The circulatory system is one of the most important organ systems of our body. It is essential for the transport of gases, nutrients, hormones, etc. within the body. It is also important in the transportation of blood and lymph and regulation of body temperature.
The circulatory system consists of
- a) Heart
- b) blood vessels.
The blood vessels include
These Blood vessels are long tubular structures through which blood can flow. The heart pumps as well as receives the blood from different areas of the body.
Blood vessels can be divided into mainly three types
Arteries carry away blood from the heart to the other body parts. They carry oxygenated blood except for the pulmonary artery which carries deoxygenated blood. They have thicker walls (prominent tunica media) with smooth muscle and narrow lumen.
Veins carry blood from other parts of the body back to the heart. They carry deoxygenated blood except for the pulmonary vein which carries oxygenated blood. They have thinner walls (less tunica media) with less smooth muscle and wider lumen.
For more details, read arteries and veins and their differences.
The arteries divide and redivide to give smaller, thin branches like arterioles, meta-arterioles. They further branch out as capillaries.
These capillaries are present in almost every organ and it is in this vessel that gaseous exchange takes place, and the oxygenated blood in the capillaries becomes deoxygenated. From capillaries, this blood goes into venules and then into veins. Thus capillaries act as intermediary vessels between arteries and veins. The circulation of blood from arteries to venules through capillaries is called microcirculation.
Capillaries are also known as microvessels due to their small size and thin walls. Only about 5% of the blood volume circulates in capillaries.
Capillaries are more commonly known as exchange vessels. This is the region of exchange of nutrients, gases, water, and waste products. Physiologically capillaries are of great importance.
The constant supply of oxygen and nutrients is essential for the survival of tissues. Capillaries are present close to all metabolically active cells.
The products of metabolism and the substrate for metabolism can easily be exchanged between the cells and blood through a capillary wall.
Capillaries are present in almost all areas of the body except the lens and cornea of the eye. All other cells in the body are in direct contact with the walls of the capillary.
Though the diameter of individual capillaries is very minimal, the large number of capillaries ensures that the capillaries have the largest cross-sectional surface area among all blood vessels in the body.
Capillaries form an extensive network through branching. This increases the surface area for a more rapid exchange of materials. Capillary walls are made up of a single layer of endothelial tissue
The cells are surrounded by a basement membrane, which is a layer of protein surrounding the capillary. These endothelial cells are joined together by inter-endothelial junctions between two adjacent cells. Unlike other blood vessels like arteries and veins, tunica media is completely absent in capillaries. This absence of tunica media and the gap in the inter-endothelial junctions contribute to the greater exchange of materials and increased permeability of the capillaries.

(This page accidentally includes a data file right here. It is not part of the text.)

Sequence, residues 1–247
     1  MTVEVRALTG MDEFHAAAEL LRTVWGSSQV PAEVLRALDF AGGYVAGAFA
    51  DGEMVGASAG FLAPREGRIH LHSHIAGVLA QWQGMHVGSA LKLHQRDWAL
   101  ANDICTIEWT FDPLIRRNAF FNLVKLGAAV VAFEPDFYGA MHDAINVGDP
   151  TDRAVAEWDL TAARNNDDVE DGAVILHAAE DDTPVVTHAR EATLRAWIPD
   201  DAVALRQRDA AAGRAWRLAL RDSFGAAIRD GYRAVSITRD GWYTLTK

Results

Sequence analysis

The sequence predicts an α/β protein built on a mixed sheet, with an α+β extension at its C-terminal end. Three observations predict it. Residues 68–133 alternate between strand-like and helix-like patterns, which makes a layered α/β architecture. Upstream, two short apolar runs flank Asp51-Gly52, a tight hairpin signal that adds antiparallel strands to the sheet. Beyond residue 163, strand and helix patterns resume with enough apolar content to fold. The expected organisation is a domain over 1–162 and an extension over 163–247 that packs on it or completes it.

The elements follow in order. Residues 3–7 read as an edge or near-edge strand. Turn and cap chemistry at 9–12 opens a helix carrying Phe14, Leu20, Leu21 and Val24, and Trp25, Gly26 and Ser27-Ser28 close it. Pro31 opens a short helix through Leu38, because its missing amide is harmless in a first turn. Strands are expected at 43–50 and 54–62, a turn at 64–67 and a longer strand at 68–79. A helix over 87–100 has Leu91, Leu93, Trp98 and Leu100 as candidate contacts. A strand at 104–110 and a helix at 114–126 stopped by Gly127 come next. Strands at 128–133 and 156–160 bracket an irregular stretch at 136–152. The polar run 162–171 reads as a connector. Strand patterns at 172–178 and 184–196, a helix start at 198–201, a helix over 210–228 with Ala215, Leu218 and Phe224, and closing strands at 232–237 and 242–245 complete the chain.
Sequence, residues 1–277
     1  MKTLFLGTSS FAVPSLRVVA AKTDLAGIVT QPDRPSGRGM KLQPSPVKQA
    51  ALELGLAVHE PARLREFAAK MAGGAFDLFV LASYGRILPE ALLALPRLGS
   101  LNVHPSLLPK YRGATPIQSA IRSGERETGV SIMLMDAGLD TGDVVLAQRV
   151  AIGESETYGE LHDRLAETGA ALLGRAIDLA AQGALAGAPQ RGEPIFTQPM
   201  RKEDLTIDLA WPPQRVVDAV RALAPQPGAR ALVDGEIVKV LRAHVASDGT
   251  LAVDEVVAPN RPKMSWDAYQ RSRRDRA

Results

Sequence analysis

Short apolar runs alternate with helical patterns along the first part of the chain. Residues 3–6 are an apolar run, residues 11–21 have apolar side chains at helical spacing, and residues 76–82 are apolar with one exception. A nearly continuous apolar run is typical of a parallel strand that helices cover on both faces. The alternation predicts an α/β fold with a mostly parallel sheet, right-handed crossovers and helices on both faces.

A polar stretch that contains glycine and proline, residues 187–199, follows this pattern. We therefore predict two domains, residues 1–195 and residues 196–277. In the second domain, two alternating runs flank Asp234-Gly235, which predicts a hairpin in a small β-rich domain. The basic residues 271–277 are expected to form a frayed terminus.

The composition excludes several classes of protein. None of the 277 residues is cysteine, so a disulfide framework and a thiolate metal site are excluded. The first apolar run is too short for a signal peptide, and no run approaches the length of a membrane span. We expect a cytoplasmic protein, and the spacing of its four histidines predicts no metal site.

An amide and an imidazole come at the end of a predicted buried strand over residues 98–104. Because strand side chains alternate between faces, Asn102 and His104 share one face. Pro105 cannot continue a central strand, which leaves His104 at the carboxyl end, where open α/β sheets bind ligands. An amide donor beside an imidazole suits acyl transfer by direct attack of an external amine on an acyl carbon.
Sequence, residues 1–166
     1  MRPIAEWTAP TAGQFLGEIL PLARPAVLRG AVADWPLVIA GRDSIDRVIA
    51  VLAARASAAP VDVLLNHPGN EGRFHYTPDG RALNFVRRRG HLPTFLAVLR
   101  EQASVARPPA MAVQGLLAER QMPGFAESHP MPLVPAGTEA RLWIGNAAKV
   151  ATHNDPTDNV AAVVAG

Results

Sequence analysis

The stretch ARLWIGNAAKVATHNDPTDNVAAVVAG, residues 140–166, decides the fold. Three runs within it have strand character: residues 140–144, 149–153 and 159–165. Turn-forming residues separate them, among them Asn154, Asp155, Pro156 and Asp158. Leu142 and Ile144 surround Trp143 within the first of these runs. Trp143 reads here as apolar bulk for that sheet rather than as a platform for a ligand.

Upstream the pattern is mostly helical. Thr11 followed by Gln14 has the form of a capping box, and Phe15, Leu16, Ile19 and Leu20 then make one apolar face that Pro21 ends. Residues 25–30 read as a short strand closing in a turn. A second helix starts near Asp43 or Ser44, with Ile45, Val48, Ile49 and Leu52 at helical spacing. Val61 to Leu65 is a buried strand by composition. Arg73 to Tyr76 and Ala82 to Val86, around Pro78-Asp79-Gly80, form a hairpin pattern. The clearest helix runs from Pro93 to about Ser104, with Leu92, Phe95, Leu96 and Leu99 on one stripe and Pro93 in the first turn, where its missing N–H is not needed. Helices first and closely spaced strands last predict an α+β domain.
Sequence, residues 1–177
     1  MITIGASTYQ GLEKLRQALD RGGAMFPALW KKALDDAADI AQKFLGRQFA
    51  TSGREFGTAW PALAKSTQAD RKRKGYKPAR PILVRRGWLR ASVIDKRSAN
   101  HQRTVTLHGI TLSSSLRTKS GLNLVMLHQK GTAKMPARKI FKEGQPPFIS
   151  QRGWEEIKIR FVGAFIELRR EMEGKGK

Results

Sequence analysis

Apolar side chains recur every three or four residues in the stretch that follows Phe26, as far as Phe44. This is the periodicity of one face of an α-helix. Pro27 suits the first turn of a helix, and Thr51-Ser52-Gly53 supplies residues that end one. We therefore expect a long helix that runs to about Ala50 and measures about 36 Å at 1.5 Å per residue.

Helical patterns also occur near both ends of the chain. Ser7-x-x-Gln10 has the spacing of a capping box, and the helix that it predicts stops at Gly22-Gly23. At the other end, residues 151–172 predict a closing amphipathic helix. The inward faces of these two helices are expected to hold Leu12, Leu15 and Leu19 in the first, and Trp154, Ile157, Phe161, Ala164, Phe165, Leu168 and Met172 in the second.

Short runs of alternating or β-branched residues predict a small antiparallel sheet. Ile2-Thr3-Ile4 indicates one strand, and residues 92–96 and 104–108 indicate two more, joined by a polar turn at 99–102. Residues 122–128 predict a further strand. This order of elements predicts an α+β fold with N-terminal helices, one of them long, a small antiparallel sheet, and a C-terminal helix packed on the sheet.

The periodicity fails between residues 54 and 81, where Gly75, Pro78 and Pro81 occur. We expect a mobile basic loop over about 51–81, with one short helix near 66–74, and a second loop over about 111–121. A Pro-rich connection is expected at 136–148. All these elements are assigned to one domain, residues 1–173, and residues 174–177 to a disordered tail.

Capillaries are very thin. Capillaries originate from the arteries and their origin is guarded by a precapillary sphincter, which is a flap of smooth muscle present around the structure to regulate the flow of blood into the capillary.
Capillaries don’t have any smooth muscle. The diameter of the lateral end of the capillary is less than 5 micrometer and the venule end of the capillary has a diameter of about 9 micrometer
The lumen is the empty canal through which the blood passes.
There are about 40 billion capillaries in the average human body. And all the capillaries in a human body together can stretch over 100,000 miles.
Types of capillaries
Capillaries are of three types- Continuous, Fenestrated, and Sinusoidal capillaries. This classification is done according to the size of gaps between the endothelial cells of the capillaries.
These are the most common type of capillary in the body. They are also called non-fenestrated capillaries. Here the endothelial cells form a continuous ring around the lumen of the capillary except at the intercellular clefts or gaps between the endothelial cells. Interoendothelial gaps are usually 4 to 10 nanometres in diameter.
There is no discontinuity in the endothelium of this type of capillaries. They can be seen in skeletal muscles, smooth muscles, connective tissue, lungs, etc. This type of capillaries is also present in the cerebral blood vessels but here, the clefts are absent in the capillaries.
The inter-endothelial junctions in the cells are tight junctions and they form the blood-brain barrier which is important to save the brain from toxic substances, infections, etc.
The endothelial cells in these capillaries are perforated by many fenestrations or pores which are quite large. These pores are 20 to 100 nanometres in diameter.
They can allow the passage of molecules having a molecular weight up to 70000. These capillaries usually surround epithelium like intestinal villi, ciliary processes of eyes, choroid plexuses of ventricles in the brain, kidneys, exocrine glands, etc.
Sinusoids / Discontinuous capillaries
These capillaries have very large gaps or discontinuities between the neighboring endothelial cells. These gaps at the junctions are more than 400 nanometres in diameter.
Some gaps may even range up to 600 to 3000 nanometre in diameter. They also have numerous large fenestrations in the cytoplasm. Thus molecules of large size can easily pass through these gaps into the lumen. Such capillaries can be seen in the liver, spleen, bone marrow.